The Daily Press is the city of Timmins broadsheet newspaper.
TIMMINS – Like many Northerners, John Kapel doesn’t like the idea of urban southern Ontarians having such a strong influence on Northern resources.
“We should be the ones dictating what we want to do with our North up here, not people in southern Ontario who sit in a cubicle and don’t even have a clue what a freakin’ poplar or birch tree is,” said Kapel, owner of Little John Enterprises sawmill in Timmins.
The province’s much-maligned Caribou Conservation Plan has been cited by both local industry and municipal leaders as just another product of the southern Ontario’s influence on Queen’s Park.
“We’re going to lose 25% of our forest” for industrial use within the Abitibi River region because of this plan, Kapel said. “It’s just sad that we as Northern Ontarian people have to put up with this B.S. from southern Ontario. It’s pathetic.”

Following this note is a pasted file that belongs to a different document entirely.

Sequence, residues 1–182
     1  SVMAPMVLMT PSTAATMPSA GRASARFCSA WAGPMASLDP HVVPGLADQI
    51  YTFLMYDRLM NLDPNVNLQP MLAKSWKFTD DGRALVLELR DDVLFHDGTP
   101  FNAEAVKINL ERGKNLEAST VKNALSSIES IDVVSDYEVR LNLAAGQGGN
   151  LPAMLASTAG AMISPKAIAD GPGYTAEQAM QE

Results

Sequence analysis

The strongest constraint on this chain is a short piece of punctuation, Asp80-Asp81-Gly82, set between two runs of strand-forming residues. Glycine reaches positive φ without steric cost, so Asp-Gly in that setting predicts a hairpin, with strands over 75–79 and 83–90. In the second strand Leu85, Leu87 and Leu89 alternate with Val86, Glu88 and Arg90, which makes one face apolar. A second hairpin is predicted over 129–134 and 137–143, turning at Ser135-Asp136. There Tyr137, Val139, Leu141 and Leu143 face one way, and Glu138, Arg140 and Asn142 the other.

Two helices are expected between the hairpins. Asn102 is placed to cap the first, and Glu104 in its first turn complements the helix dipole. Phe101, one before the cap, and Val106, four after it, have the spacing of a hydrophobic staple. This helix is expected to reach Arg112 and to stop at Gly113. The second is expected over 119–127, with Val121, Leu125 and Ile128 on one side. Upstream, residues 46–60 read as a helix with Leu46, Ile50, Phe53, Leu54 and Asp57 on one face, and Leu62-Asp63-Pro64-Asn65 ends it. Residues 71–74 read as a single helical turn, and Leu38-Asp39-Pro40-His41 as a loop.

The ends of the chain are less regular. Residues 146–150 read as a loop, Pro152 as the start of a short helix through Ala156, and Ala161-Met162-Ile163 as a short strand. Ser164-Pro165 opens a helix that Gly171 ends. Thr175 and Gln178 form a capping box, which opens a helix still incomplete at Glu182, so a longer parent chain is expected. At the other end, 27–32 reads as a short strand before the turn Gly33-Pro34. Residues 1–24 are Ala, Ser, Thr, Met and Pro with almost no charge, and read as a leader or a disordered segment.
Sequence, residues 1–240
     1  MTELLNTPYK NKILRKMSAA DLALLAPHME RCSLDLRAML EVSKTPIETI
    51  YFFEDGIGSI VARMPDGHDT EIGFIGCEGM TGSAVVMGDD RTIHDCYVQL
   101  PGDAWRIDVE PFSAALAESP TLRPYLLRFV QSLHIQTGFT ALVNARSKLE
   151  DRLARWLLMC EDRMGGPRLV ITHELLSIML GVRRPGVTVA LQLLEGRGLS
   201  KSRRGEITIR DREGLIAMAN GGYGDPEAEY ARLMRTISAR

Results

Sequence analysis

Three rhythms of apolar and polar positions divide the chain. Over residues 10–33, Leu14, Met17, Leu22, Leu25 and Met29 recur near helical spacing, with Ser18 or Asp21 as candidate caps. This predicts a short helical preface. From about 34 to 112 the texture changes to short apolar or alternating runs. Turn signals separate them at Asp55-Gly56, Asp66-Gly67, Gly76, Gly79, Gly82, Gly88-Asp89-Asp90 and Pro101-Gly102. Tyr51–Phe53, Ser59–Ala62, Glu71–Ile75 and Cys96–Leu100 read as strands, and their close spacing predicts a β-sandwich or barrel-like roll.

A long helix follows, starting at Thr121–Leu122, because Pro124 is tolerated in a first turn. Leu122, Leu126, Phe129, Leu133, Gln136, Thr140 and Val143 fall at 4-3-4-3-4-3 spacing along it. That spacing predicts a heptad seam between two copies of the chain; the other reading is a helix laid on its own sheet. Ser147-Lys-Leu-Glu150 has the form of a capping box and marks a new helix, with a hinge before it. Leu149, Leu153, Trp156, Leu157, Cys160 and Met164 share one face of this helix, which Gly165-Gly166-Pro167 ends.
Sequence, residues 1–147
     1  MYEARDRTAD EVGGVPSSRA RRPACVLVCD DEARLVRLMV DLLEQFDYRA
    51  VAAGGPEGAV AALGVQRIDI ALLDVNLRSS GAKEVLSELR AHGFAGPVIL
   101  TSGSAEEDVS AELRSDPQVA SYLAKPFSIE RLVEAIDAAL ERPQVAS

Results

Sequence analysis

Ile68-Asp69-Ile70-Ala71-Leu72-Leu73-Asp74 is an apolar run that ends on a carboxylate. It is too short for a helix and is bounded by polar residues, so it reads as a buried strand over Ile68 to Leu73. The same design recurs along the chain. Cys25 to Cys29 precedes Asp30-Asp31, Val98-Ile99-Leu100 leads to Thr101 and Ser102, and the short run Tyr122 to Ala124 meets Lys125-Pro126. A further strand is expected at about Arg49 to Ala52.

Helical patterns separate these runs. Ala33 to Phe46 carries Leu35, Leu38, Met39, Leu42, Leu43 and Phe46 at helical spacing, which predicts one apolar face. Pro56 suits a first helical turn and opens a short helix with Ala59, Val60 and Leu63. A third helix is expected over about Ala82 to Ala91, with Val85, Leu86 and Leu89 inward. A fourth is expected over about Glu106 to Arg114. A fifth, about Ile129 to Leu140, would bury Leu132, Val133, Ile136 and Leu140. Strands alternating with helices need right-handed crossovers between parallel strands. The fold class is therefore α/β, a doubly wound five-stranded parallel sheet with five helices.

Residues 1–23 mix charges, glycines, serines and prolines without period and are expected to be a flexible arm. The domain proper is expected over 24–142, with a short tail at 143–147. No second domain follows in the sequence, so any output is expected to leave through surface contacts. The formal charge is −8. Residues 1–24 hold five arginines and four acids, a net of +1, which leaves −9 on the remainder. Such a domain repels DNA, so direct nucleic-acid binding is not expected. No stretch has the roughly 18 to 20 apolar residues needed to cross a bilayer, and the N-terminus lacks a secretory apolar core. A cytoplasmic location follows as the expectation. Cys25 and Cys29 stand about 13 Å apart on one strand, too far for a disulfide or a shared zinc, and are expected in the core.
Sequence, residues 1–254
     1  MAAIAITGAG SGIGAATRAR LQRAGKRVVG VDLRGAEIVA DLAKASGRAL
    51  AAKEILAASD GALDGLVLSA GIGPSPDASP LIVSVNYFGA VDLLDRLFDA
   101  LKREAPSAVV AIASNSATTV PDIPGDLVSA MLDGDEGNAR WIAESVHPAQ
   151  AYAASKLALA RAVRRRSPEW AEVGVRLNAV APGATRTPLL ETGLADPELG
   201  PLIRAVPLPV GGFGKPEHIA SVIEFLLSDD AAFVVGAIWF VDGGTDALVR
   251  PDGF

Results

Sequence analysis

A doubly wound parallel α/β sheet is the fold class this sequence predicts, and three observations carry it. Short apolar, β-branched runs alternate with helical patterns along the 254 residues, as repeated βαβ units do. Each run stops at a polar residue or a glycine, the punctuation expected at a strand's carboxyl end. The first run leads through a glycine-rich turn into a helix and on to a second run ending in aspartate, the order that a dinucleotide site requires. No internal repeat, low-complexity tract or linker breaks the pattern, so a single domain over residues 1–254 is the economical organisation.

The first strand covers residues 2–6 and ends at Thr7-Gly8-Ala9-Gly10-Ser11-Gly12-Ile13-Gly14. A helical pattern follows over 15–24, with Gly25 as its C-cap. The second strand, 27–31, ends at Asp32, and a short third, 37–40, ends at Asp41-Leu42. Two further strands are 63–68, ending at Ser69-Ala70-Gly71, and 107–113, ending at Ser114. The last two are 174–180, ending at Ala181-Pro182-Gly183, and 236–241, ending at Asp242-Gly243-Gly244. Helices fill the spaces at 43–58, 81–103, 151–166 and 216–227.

The Ontario Forest Industries Association has had to tiptoe in explaining why it was encouraging Northerners to support recent changes to the Endangered Species Act (ESA) despite its encompassing of the controversial caribou plan.
The Ministry of Natural Resources had outlined new measures under the ESA in an Environmental Registry posting. The period for inviting public input ended Monday.
Up until then, the OFIA along with the Federation of Northern Ontario Municipalities, were urging people to express support for these measures.
For the rest of this article, please go to the Timmins Daily Press website: http://www.timminspress.com/2013/02/25/changes-to-esa-a-step-in-right-direction-ofia